Two summers ago I was a live-in nanny. The family lived in
and I was really excited for the experience. I pictured swapping recipes with the other nannies at soccer practice, stopping to chat with some neighbors while at the grocery store, and maybe even having a summer romance with a gorgeous guy who mows all the lawns in the neighborhood with his shirt off. As you may guess, I learned a lot about the danger of romanticizing a situation. I ended up spending my weeknights alone in my bedroom, my weekends traveling to visit friends in the city, and speeding through my grocery trips with my eyes on the shopping list rather than the faces around me. It was a necessary lesson in the difficulty of finding one’s way in a new community. Westchester County
When I accepted my invitation for Peace Corps, I made a point not to romanticize what I expected to happen. In fact, I tried my damnedest to not have any expectations at all – something that has served me well in adjusting to life here.
However, I now realize that I had one huge expectation – something so essential that I took for granted that it would happen, and it’s the same assumption I had upon embarking to be a nanny. I assumed that I would have friends. I assumed that people would want to get to know me as much as I want to get to know them, despite barriers in language, background, or culture.
Well, that hasn’t happened here. Of course I’m friendly with a lot of people. Everyone I see says hello (well, “Dumela”) and a majority even know my name. The teachers and nurses are also starting to get more comfortable with me as well. And of course everyone is absolutely fascinated by my white skin. But there’s no one in my village I would call a friend. No one who knows more than the most basic information about me. No one who I feel comfortable going to when I’m homesick. When I stay home on the weekends, the only face I see is my own in the mirror as I’m brushing my teeth.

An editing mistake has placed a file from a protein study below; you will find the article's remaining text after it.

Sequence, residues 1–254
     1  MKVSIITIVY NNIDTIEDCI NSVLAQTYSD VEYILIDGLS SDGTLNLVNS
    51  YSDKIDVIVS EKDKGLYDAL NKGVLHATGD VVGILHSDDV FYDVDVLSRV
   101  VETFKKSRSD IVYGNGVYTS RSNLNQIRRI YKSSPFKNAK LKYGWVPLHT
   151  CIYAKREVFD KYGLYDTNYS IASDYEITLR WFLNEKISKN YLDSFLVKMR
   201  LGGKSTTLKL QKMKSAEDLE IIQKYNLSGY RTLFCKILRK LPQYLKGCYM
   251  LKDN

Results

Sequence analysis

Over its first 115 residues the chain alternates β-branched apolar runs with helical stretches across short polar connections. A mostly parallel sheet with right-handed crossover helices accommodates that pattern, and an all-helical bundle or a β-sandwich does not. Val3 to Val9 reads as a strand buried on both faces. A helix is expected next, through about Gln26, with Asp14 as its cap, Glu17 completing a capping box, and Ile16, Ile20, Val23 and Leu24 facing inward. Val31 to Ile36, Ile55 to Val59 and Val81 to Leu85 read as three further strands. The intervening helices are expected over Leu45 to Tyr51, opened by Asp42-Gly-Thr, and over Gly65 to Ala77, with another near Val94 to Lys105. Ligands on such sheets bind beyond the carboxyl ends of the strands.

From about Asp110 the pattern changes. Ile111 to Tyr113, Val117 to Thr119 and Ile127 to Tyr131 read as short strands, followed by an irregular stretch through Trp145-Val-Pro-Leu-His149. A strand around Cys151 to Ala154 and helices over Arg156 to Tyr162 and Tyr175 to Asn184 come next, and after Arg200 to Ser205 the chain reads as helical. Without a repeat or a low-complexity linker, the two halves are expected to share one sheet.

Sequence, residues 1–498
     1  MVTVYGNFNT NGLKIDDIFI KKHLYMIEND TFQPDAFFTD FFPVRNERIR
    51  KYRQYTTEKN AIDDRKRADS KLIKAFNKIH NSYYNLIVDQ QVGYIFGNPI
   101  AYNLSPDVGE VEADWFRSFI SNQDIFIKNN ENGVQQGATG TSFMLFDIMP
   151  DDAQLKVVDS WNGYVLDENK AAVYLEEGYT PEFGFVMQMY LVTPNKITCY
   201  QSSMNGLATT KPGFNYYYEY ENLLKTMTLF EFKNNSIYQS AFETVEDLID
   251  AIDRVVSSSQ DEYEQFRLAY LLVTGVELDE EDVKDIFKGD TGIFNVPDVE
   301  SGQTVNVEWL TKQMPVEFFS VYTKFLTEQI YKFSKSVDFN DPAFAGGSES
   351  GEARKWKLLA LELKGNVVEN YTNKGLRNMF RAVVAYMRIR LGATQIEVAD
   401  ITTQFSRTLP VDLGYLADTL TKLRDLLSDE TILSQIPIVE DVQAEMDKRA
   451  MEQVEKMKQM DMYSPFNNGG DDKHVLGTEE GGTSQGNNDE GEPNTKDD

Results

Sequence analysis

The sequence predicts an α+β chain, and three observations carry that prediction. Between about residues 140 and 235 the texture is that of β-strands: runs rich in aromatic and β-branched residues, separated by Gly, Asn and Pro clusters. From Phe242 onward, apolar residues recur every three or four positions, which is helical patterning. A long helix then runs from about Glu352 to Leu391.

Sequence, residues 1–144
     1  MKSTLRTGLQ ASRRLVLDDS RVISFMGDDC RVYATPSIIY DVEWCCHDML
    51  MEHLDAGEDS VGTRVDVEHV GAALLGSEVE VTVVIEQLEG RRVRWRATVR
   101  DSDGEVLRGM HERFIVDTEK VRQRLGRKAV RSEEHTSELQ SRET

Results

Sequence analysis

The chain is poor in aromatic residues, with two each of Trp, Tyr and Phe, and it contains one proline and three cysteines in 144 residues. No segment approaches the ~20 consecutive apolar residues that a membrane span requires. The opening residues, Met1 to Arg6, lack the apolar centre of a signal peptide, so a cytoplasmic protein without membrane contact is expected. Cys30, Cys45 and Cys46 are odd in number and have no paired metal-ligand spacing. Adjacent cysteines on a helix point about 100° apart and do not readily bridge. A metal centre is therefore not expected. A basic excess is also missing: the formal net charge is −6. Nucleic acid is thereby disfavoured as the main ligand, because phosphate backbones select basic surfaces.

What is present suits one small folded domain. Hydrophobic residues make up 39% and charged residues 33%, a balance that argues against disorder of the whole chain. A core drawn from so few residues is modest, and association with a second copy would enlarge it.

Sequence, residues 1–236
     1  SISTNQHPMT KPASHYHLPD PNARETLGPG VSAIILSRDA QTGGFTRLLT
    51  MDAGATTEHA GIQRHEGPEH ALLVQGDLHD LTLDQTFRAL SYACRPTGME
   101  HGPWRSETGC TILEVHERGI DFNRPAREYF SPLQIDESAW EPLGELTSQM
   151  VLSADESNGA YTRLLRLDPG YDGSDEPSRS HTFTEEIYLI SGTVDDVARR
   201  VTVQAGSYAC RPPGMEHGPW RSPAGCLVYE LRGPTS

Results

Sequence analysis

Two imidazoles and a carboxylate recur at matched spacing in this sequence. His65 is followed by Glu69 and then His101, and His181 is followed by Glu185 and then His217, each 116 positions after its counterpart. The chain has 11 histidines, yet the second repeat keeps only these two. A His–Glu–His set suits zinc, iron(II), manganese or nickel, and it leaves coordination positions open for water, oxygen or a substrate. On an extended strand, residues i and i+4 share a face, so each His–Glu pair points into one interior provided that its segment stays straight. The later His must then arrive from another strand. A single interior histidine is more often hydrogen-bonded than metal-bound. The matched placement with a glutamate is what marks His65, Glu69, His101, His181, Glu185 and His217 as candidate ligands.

Okay, I know, my dramatic side is coming out again. It’s just that I honestly hadn’t thought too much about it until recently. I figured it would just take time to make friends. But the fact is, every other volunteer has someone they’re close to in their community. Someone who lets them know if there’s an event going on, or someone to stop by and say hello to, or someone who invites them to baby showers. So, since I don’t have that, I’m wondering what exactly it is that I’m doing wrong. I know I’m not an effusively out-going person, and maybe I even come across as somewhat guarded at times, but I do always try to wear my brightest smile.
So I find myself again looking to my weekends as an escape. A chance to either visit other volunteers who know me well or to just get to the capital where I can be a nobody (instead of the village lekgowa). This worries me. I don’t want to look back on my Peace Corps experience as I do my nanny experience: something I would never take back, but also something that could have touched me on a more personal level.
I want to live without regrets. I don’t want to live without friends.